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Georgia's CFO speaks: An interview with Tommy Hills

A graduate of Emory University’s undergraduate and law schools, from 1965-2001 Thomas “Tommy” Hills had a distinguished career at Wachovia Bank, eventually serving as Executive Vice-President. He has also sat on the boards of numerous organizations, including that of the Atlanta Historical Society, which he chaired. In 2003, he was appointed by Georgia Governor Sonny Perdue to be the State’s Chief Financial Officer – even as he was pursuing a master’s degree in history at Georgia State! In 2006 Tommy completed his thesis on the rise of Southern banking, under the direction of Glenn Eskew. He recently spoke with Cliff Kuhn about his experience at Georgia State University.

Kuhn: How did you enter the master’s program in the first place?

Hills: I had always been interested in history as a subject, and I wanted to research the history of the banking industry and its role in the commercial development of the region. I was sitting next to [Georgia State President Carl Patton] at a lunch somewhere, and he said, “Why don’t you take a history course at Georgia State?” After I took the first course in historiography with Don Reid, I decided to get a degree.

Kuhn: What did you gain from the program?

Hills: It stimulated my ability to think about how you research an issue, and find information that otherwise might not be known. I remember I was taking Krystyn Moon’s class [in cultural history], and you asked me the question, “How did the banks in Atlanta find the money to start out after the Civil War?” And I went to the archives at the Atlanta History Center and I found the answer. Most of the bankers were unionists during the war. They didn’t put their money into confederate currency. They kept their contacts intact around the country, and after the war they were able to get credit.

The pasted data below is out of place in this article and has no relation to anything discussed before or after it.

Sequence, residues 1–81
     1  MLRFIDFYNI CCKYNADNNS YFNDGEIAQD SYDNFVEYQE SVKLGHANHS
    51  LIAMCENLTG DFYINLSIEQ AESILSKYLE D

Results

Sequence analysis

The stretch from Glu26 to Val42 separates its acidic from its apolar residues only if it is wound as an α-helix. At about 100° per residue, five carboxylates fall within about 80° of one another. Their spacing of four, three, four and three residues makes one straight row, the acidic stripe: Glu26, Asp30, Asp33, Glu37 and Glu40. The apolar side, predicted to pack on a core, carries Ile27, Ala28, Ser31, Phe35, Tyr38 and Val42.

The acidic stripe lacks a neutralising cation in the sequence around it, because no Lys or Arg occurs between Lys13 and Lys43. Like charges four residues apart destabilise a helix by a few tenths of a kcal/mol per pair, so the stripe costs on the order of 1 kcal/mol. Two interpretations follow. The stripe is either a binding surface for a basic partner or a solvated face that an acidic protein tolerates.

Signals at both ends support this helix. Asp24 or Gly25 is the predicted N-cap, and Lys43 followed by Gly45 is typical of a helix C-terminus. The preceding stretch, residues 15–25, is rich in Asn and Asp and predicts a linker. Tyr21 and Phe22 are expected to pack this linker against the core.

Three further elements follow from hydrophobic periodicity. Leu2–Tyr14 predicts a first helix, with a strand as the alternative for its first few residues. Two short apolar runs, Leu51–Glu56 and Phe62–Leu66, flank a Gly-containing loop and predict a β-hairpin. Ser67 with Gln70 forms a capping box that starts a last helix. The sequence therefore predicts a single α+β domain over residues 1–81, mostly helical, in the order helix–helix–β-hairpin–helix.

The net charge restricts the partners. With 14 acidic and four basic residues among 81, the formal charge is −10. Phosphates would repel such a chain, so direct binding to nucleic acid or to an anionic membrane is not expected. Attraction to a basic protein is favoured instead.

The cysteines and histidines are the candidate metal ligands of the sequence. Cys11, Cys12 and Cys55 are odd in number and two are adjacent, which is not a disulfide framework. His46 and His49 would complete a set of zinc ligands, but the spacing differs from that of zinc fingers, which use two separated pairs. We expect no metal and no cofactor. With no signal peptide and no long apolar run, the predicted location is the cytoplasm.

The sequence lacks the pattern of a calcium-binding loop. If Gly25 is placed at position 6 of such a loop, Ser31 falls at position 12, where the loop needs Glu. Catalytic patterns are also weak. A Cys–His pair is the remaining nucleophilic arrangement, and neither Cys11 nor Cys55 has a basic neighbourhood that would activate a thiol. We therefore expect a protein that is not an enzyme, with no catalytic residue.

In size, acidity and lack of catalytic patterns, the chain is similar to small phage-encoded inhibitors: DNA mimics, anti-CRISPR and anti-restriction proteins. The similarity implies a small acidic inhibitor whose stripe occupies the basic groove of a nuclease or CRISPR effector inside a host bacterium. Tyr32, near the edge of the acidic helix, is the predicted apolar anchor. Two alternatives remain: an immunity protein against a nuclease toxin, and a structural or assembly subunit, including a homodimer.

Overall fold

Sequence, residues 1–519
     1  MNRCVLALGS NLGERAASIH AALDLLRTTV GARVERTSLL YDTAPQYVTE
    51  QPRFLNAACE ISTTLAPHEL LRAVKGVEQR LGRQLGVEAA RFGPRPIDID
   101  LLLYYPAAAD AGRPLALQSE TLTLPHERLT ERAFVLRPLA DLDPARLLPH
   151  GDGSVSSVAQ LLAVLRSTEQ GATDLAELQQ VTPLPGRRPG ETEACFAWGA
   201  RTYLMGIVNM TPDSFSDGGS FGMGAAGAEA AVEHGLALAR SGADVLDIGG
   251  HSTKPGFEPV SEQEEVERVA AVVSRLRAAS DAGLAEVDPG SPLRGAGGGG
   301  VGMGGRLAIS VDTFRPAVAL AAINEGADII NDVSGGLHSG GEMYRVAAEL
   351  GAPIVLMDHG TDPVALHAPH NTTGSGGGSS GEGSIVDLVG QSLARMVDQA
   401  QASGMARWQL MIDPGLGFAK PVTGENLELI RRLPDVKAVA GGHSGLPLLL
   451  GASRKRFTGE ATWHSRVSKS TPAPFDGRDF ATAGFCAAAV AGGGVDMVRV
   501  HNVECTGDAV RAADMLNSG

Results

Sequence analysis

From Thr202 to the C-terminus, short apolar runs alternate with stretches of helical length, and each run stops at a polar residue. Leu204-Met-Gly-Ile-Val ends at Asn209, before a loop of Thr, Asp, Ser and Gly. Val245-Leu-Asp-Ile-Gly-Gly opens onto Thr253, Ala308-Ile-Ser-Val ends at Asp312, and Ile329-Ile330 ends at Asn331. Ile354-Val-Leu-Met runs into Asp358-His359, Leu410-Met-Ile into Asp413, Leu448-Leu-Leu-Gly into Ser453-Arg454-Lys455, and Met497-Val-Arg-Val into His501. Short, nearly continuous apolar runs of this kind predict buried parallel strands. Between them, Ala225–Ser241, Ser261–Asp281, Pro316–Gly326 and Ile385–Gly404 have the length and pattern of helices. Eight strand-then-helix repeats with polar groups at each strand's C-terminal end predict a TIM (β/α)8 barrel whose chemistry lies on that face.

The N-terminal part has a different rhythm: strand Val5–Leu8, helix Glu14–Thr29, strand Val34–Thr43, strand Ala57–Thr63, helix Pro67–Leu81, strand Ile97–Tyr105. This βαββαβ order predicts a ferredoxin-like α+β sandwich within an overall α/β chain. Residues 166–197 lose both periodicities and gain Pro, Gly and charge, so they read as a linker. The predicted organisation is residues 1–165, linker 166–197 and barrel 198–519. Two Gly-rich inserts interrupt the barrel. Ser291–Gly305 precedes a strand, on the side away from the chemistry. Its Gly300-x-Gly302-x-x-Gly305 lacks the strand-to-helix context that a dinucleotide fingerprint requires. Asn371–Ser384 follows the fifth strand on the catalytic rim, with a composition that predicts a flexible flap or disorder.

There’s also a confidence you get from a class like oral history, where you develop a certain skill set. This has been helpful to me in a paper I’m working on right now on the transformation of the legislature from Democratic domination to Republican domination where I’ve interviewed a number of people about the subject. So the program was very helpful to me.